Income Tax Exemptions for Political Parties – Political groups in India are regulated by the Representation of the People’s Act, 1951 (RPA). Any alliance of Indian people or body of individual citizens of India calling itself to be a political group must submit an appeal to the Election Commission to enrol as a political party under Section 29A in order to participate in the election process and to apply for many other regulations of the RPA. RPA as well enables political parties to obtain voluntary donations from everyone, including corporate companies (but just not government companies) and also to exclude donations from foreign sources, like foreign citizens, foreign companies, foreign corporations and foreign trusts.

Do political parties have to pay tax?

Political parties are prohibited from getting any action of commercial interest and thus from making a profit. This will not imply that the political party has no revenue at all. As has already been discussed, political parties are obliged to receive voluntary donations underneath the RPA. In addition, political parties could also own real property or deposits that could have earned some earnings. Political parties could have income from the sale of coupons, membership fees collected, and much more.

Income Tax Exemptions for Political Parties

What is Section 13A?

The political party to benefit from the tax exemption given for in Section 13A must comply with the mentioned circumstances.

  • To be registered in accordance with Section 29A of the RPA.
  • To keep the books of accounts as well as other documents in such a way as to allow the Assessing Officer to deduct his income – it may well be indicated that perhaps the Political Party does not require to keep all the accounting records as set out in Section 44AA. It is adequate if the Political Party just retains such books to allow AO to obtain its income.
  • Keep data of each donation of more than Rs 20,000, along with the name and address of the individual attempting to make the contribution, unless the donation is created from an electoral bond.
  • To really get his financial records audited by a CA. 
  • No contribution over Rs 2,000 has been received other than by way of check/demand receipt or ECS bank account or election bond.
  • Treasurer of the political group person authorized by the political group in that name has submitted a report of donations received in an abundance of Rs 20,000 to the Indian Election Commission for the FY on or before the deadline for the return of income for that FY under Section 29C of the RPA.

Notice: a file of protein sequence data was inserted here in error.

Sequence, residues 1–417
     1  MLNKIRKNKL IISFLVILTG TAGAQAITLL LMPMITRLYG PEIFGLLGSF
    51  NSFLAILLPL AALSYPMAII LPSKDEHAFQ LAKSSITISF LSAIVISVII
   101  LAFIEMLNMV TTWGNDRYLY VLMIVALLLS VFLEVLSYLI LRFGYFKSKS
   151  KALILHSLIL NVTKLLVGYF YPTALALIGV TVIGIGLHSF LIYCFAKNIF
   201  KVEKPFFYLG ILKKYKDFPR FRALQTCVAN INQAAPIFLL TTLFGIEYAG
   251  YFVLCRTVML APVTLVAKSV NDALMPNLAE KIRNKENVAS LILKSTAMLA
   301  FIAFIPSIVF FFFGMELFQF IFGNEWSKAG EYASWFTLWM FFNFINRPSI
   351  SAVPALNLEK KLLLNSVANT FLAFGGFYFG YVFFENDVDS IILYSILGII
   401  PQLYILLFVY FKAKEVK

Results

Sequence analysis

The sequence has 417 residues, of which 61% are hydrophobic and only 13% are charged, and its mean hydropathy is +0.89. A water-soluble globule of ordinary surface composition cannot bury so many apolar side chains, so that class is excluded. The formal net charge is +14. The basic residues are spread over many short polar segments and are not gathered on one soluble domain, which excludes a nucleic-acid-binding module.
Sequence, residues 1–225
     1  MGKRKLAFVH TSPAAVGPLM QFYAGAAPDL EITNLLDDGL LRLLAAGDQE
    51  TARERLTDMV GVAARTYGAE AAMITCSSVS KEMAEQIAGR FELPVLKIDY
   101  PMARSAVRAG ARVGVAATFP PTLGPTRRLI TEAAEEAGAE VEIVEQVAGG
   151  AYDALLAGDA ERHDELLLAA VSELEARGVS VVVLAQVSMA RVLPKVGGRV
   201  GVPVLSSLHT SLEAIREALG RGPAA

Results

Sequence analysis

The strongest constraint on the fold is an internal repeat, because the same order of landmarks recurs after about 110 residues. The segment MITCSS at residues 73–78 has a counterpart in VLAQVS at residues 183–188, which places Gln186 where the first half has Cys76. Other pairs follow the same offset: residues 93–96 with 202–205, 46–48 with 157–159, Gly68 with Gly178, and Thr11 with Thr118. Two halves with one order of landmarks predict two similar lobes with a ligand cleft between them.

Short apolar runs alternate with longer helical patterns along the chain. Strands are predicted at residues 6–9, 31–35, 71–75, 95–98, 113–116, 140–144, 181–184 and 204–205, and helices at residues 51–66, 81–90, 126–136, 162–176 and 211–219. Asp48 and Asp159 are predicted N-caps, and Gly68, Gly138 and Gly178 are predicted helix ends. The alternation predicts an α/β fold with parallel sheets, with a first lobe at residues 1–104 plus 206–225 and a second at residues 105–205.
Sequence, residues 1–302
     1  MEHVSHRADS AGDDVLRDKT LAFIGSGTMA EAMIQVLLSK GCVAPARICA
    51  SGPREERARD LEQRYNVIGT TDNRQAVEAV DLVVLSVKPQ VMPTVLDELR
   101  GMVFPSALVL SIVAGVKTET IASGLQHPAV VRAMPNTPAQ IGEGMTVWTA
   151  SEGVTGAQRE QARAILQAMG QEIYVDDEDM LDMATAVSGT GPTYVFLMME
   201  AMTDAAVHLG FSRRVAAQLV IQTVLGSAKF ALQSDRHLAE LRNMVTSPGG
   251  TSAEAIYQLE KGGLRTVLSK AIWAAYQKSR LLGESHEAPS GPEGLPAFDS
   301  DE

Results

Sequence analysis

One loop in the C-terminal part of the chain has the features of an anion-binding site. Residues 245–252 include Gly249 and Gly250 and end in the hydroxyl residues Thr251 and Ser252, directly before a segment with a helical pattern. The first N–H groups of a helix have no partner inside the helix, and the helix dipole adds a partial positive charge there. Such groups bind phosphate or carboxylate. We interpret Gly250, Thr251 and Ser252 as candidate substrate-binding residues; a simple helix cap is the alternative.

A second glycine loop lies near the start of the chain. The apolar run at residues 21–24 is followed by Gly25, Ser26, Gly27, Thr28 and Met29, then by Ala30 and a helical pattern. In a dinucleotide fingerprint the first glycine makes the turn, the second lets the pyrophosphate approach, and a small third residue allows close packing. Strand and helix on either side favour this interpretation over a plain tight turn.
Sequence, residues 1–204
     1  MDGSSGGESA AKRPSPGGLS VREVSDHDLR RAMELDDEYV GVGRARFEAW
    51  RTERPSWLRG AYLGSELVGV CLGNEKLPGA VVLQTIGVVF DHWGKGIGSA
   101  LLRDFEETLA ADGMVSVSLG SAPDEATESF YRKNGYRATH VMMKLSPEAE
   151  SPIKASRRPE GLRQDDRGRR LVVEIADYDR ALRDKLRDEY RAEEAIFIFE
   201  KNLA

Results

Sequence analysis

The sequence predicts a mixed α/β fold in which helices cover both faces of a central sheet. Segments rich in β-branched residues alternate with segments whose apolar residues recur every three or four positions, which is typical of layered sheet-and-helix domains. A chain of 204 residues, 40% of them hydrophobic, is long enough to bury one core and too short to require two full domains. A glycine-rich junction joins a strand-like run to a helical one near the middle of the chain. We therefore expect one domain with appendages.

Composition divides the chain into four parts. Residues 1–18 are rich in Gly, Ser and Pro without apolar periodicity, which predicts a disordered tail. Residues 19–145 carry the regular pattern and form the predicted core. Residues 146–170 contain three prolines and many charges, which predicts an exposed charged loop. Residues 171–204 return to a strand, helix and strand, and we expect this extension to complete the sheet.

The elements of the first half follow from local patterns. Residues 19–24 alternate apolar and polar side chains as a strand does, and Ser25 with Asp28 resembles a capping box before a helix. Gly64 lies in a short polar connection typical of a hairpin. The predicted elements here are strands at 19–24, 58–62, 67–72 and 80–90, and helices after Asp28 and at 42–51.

Although the condition of no tax relief for failure to provide such a report is set out in Section 13A, it may well be mentioned that Section 29C of RPA itself removes tax relief from the political party if it continues to fail to provide such a report.

Should political party furnish return of income? If yes, who is the authorised signatory?

Yes, although the political party does have a 100 per cent exemption from given income, no allowance is made for the return of income. Any political party as defined in Section 13A is needed to provide a return of income in accordance with Section 139(4B) if its income reached the upper amount not payable for tax purposes. (limit is computed before taking into consideration Section 13A exemption). The tax slab applicable to political groups shall be the same that applies to a normal resident individual.

It is the obligation of the CEO of the political party to file an income tax returns and also to sign and confirm the return of income.

Is there any tax exemption for donors?

Corporate donors are able to qualify for exemption from their donation to political parties under Section 80GGB or any other individual (with the exception of local authorities as well as any artificial legal person entirely or partially financed by the Government) may apply for exemption under Section 80GGC if such impact is created by way of cash.

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